12 Useless Facts About Australian Motoring

I’ve been busy this week working on next week’s article on the Holden Commodore, so this week I’m doing a much shorter post than usual.

1. Despite having a population of 23 million, Australians buy more Mazdas than any country outside Japan. Australia actually buys more Mazdas per capita than Japan does. As well as Mazdas, Australians love European performance cars. We are one of the world’s biggest AMG and Renaultsport markets, and one third of Golfs sold in Australia are GTIs.

2. Kangaroos may delay the introduction of autonomous vehicles in Australia. Their erratic and unpredictable behaviour, and their unique way of moving is making difficult to program autonomous drive systems for Australia.

3. Australia has more F1 engine manufacturers championships per capita than Germany. Australia has two. Repco-powered Brabhams won the world championship in 1966 and 67. Germany has four. One from Porsche and three from Mercedes.

4. Australia has a 25 year rule for registering left hand drive cars. This means that the holy trinity, almost any other hypercar you can name, the Alfa 8C, Ford GT, and every Chevrolet Camaro and Corvette, every Dodge, and most Mustangs built after 1992 can’t be registered in Australia. Certain right hand drive cars not officially sold in Australia are allowed to be imported under the Special and Enthusiast Vehicle Scheme. LHD cars can be imported and converted to RHD for registration under SEVS

5. Australia invented the ute, and a year later, the four seater coupe. Holden introduced “Sloper” of their Chevrolet, Pontiac, Buick, Oldsmobile and Vauxhall models in 1935, the first examples of a coupes with four seats inside the cabin (as opposed to an external dickie seat).

6. The first generation Dodge Viper was sold in Australia as a Chrysler. It was imported to Australia and converted locally to right hand drive. This made it very expensive. The Chrysler Viper R/T 10 had a starting price of $254,830, making it more expensive than a Porsche 911 Carrera S. The 911 had much better build quality, and wasn’t a Chrysler.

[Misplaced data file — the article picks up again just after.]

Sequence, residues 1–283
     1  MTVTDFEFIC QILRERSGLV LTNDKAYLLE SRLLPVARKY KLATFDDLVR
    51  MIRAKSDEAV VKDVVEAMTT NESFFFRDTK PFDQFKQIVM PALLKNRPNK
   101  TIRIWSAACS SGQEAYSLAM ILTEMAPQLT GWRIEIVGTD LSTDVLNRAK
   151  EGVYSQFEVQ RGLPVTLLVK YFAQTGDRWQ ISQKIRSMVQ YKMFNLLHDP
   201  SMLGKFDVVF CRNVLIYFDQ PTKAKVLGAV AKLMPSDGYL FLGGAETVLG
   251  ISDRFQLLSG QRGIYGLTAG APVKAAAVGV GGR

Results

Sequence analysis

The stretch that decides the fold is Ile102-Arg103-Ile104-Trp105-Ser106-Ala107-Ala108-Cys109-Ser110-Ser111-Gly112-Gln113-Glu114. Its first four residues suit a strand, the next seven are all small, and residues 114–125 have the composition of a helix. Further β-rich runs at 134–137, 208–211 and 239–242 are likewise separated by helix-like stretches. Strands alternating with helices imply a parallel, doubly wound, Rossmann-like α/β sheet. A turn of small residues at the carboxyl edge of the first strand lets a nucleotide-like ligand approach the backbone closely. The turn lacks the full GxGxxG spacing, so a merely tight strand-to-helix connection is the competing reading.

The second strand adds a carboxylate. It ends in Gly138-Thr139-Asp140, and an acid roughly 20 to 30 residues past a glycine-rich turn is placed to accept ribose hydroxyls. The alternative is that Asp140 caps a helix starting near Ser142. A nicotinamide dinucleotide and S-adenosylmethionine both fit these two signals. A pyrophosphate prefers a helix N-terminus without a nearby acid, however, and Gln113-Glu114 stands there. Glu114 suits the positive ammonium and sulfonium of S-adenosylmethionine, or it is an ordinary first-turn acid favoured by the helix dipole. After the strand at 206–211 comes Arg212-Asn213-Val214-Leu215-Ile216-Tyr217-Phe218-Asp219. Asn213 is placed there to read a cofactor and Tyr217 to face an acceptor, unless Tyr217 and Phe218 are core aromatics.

7. Australia is one of only a few countries to measure engine power in kilowatts.

8. Melbourne was the first city in the world that uses the hook turn. It’s a means of turning right used at some intersections in the city centre. Instead of waiting in the right hand lane for a green light, right turning drivers line up on the left, drive forward to the left on a green light to park in front of cars going straight from their left, and wait for that approach’s green light. They then drive straight across the intersection. The right turn is essentially broken do into two straight manoeuvres.

9. The world’s first car comparison test was conducted in Australia by then Wheels editor, the late Bill Tuckey. Prior to this cars were only tested individually and always received rave reviews. The manufacturers didn’t appreciate having their cars ranked from best to worst but it’s now standard practice for car magazines.

10. Mitsubishi, Chrysler, Leyland/BMC, Nissan, Volkswagen, Renault, Mercedes-Benz, Triumph, Rover, Jeep, AMC and Peugeot have all made cars in Australia.

11. Australia has the oldest continually running car of the year award. The Wheels Car of the Year was first awarded to the Renault 8 in 1963. It’s also one of the toughest motoring awards to win. On three occasions, 1972, 79 and 86, the award was withheld because judges believed no car was good enough.

12 Australian Ford Mustangs don’t have the line locker.It was omitted because Ford Australia was worried about falling foul of strict anti-hoon laws.



Sure am glad I don’t live in Melbourne . . .

10/13/2017 - 06:43 |
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Richard the edition 100

and people are forgetting australia when the word car is gonna be said

10/13/2017 - 06:48 |
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Noah Thorley Images

Nice Post!

10/13/2017 - 08:13 |
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We measure power by kilowatts here in Latvia too.

10/13/2017 - 20:38 |
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